Power User: Does modeling hold the secrets of the universe?

John McCormick

Mathematica 4.2, the latest version of one of my favorite problem-solving toolkits, came out this summer at the same time as the program's creator's book: A New Kind of Science.

I was impressed by the innovations in Mathematica 4.2, including the use of Extensible Markup Language to import and export data. But the 1,280-page book, published by Wolfram Media Inc. of Champaign, Ill., left me wondering.

Stephen Wolfram's thesis is that everything in the universe, from quantum events to macroeconomics, can be modeled as cellular automata'simple arrays of programmed cells that interact with each other.

Nowhere does the book echo the modesty of Sir Isaac Newton's 'I stood on the shoulders of giants.' At times it gives the impression that Wolfram felt he had trod on the toes of midgets.

A reader might conclude that the book boils down to: 'The stock market (or art, genetics, human interaction, particle physics, thermodynamics) is very complex. Some simple cellular automata produce very complex results. Therefore, cellular automata are related to everything complex, and vice versa.'

I looked for concrete examples of how to match up particular algorithms with specific problems. I found none. And how would modelers of cellular automata know when they had reached a solution'in other words, when to stop running the program?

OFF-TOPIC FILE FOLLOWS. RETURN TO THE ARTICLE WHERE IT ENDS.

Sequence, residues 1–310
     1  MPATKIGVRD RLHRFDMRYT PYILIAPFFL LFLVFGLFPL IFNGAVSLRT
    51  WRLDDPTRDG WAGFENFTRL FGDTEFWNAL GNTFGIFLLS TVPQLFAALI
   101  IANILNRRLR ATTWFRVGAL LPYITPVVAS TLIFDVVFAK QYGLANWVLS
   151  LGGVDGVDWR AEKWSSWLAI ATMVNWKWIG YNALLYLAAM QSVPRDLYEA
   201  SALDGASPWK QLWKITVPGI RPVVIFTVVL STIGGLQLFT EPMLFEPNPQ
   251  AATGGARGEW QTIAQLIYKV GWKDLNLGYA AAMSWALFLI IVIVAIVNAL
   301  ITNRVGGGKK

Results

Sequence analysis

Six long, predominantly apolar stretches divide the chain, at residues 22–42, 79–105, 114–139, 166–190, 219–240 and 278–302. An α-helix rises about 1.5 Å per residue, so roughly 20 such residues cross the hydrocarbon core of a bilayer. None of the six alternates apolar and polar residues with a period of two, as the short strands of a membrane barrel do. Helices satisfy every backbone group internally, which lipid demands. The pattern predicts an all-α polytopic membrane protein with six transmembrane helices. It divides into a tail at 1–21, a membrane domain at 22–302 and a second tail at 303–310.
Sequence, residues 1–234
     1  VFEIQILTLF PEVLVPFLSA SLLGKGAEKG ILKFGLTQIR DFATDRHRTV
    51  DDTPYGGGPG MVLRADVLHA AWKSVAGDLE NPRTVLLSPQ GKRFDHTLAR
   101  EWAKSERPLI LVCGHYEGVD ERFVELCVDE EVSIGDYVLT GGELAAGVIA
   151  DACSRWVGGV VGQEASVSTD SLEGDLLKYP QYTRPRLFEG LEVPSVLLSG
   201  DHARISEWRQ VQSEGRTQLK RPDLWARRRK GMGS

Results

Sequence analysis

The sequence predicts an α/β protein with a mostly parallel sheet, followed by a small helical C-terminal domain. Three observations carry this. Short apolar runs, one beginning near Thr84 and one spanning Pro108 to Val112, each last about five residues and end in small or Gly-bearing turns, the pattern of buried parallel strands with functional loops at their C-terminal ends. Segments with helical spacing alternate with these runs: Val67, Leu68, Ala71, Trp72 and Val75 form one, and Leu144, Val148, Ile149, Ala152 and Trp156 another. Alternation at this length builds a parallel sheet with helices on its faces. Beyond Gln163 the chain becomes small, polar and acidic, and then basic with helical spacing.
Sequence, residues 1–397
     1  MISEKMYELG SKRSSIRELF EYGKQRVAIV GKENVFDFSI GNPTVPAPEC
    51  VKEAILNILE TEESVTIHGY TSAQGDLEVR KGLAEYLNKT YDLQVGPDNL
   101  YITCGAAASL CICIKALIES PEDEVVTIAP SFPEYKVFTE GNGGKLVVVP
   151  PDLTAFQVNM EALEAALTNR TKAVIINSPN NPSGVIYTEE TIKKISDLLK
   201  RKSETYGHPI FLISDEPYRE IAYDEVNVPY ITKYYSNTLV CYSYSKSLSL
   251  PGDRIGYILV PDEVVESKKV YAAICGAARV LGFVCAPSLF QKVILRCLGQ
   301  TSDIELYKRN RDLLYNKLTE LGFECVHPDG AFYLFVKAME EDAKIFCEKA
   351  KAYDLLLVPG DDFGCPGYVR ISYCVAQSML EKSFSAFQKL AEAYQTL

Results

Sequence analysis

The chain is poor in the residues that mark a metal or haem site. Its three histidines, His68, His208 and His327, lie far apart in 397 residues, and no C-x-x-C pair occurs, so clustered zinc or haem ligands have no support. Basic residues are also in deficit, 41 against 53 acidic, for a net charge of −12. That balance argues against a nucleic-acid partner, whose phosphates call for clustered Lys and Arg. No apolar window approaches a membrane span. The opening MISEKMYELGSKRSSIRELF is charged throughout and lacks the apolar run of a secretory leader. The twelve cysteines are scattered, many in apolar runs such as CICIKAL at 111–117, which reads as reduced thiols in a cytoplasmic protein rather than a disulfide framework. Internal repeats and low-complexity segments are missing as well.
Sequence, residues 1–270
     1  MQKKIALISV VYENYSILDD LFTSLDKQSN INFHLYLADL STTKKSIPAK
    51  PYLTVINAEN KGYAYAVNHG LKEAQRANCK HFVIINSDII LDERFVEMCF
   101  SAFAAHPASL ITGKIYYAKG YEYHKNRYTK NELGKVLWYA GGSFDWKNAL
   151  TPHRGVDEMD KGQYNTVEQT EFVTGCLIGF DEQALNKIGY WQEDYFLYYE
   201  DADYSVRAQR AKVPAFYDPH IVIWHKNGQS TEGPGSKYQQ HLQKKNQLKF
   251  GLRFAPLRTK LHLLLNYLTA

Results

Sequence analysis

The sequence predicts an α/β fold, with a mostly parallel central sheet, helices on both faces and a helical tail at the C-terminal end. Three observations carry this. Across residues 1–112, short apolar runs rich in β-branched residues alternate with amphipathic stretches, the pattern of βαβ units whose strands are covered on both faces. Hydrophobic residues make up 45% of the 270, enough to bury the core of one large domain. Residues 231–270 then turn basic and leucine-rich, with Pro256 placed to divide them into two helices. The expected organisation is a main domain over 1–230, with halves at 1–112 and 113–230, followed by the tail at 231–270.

Is it news that simple algorithms can produce highly complex results? DNA consists of two pairs of four nucleotides. The only difference between the ink on this page and Wolfram himself lies in the arrangement of binary sequences of pairs.

If the entire universe can be understood according to Wolfram, the only way to 'solve' some problems is to let the universe run and see what happens. Beyond the most basic systems, everything from the motion of a drop of water to human thought would exhibit equal complexity.

That does simplify science by showing that many problems may be just too complex to solve, ever. But if you can't use science to predict and test, is it physics or metaphysics?

No monk laboring for years to illuminate a manuscript ever turned out a more beautiful work than A New Kind of Science, although it was self-published and never subjected to critical peer review. Read it while running Mathematica and a Web browser'there are many equations from the book at www.wolframscience.com/nks/programs. It's an impressive multimedia experience.

But the lack of footnotes makes it difficult to know which parts are Wolfram's and which are commentary on the work of others such as MIT's Edward Fredkin, who originated the idea of the universe as an automaton.

Is Wolfram's book mere bubblegum for the multimedia-minded or a new way to visualize everything? We may never know, but it's a wonderful read for systems folks.

John McCormick is a free-lance writer and computer consultant. E-mail him at [email protected].

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